Here, too, there are signs of progress. Loan guarantee programs for small and medium-size enterprises (SMEs) are keeping financing channels open for small, private companies, which tend to be more labor-intensive and domestically oriented than larger corporations, while increased labor demand is pushing up employment and wages. Governments are investing more in pensions, education and health services, freeing up precautionary savings and thus consumption capacity. As a result of these trends, Asia’s increase in consumption this year will offset the decrease in consumption in the US, according to HSBC estimates.
Consumers are not the only ones saving too much, however. The IMF, in its October regional report, points to another trend inhibiting Asia’s consumption: a rise in corporate savings. According to the IMF, “rising corporate savings, stagnant corporate investment and a lack of offsetting behavior by households have led to a widening of the region’s current-account surplus, directly contributing to the global imbalances of the past decade.”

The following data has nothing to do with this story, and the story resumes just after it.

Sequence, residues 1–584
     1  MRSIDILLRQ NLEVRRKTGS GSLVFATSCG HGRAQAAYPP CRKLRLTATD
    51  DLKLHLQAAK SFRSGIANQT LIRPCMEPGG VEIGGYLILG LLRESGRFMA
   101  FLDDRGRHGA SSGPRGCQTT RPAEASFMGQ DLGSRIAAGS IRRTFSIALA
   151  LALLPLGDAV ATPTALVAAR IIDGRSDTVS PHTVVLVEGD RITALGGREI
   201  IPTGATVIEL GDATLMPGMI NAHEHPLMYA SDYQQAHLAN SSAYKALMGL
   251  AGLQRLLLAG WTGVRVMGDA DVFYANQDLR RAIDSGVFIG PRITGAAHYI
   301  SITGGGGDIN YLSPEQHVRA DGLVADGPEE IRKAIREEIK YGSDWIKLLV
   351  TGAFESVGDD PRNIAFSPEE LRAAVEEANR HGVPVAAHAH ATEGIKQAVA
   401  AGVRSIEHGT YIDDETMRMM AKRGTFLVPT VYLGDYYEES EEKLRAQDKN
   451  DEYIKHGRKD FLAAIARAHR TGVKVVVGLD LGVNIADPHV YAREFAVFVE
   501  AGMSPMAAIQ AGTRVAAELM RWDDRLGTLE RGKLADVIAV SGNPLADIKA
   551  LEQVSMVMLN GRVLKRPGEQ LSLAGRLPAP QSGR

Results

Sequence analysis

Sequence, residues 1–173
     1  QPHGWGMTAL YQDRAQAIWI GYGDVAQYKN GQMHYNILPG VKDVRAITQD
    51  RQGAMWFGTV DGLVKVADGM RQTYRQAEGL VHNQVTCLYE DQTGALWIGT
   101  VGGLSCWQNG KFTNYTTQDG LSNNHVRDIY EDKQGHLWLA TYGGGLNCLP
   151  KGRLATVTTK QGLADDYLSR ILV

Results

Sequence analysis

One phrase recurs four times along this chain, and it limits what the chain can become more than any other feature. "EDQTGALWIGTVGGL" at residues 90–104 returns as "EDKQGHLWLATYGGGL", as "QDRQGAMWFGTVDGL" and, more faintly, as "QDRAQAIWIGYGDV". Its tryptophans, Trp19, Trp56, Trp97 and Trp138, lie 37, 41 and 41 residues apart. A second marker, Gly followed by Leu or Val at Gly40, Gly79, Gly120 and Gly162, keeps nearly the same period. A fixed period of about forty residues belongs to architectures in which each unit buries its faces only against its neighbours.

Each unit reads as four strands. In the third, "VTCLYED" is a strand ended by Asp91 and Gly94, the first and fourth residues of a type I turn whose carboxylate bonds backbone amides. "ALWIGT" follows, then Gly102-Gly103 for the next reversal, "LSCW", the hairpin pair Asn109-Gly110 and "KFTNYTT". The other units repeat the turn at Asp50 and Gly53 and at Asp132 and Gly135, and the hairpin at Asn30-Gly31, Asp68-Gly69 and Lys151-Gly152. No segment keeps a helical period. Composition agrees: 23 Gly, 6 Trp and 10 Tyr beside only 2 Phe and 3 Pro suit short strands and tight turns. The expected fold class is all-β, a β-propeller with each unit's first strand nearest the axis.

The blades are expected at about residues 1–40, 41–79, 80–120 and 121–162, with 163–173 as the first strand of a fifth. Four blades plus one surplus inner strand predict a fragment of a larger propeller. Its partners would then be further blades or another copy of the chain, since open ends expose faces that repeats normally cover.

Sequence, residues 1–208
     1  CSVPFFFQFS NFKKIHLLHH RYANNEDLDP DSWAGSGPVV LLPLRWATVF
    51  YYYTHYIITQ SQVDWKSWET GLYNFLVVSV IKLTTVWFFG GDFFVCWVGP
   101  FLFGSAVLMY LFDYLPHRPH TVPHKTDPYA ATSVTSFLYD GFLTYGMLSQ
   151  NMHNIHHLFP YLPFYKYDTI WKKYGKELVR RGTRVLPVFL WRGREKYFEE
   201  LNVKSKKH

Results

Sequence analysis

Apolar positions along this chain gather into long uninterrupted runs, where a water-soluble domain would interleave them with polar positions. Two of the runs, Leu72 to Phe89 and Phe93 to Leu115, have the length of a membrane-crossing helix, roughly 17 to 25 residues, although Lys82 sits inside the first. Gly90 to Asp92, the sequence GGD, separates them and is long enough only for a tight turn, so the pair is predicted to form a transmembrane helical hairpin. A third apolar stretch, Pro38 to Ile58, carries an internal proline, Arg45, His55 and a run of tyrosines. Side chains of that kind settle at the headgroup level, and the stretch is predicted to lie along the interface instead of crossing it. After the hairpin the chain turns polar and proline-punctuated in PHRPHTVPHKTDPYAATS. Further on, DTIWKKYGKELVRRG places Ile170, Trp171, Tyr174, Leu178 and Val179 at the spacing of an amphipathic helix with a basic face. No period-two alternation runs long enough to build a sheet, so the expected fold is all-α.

The IMF points to two major causes of this savings surfeit. First, financing options are limited, meaning that corporations have to fully fund their own projects or, in the case of emergencies, their own survival. Second, corporate governance is weak, allowing management to hold on to cash rather than pay out dividends to shareholders. Consequently, the IMF says, Asia’s economies would benefit from improved financial mechanisms and greater corporate governance: “Greater financial development could increase access to capital for a greater number of firms and reduce firms’ need to retain earnings in order to self-finance profitable investment projects. Meanwhile, improvements in corporate governance could impose greater discipline on corporate managers and create incentives for them to retain earnings only insofar as their firms have profitable projects in which to invest.”
The reforms necessary to more efficiently channel Asia’s corporate and personal savings into productive investment and consumer spending will take time, but the global financial crisis has highlighted their importance. The crisis exposed the extent of Asia’s dependence on Western financial systems and consumer markets. Asia’s rapid recovery, on the other hand, has shown the region’s underlying economic strength. Asia must now build on that strength to reduce its dependence on the West and unleash its potential as an economic engine for the region and the world.
Source: CEIC Data Company and IMF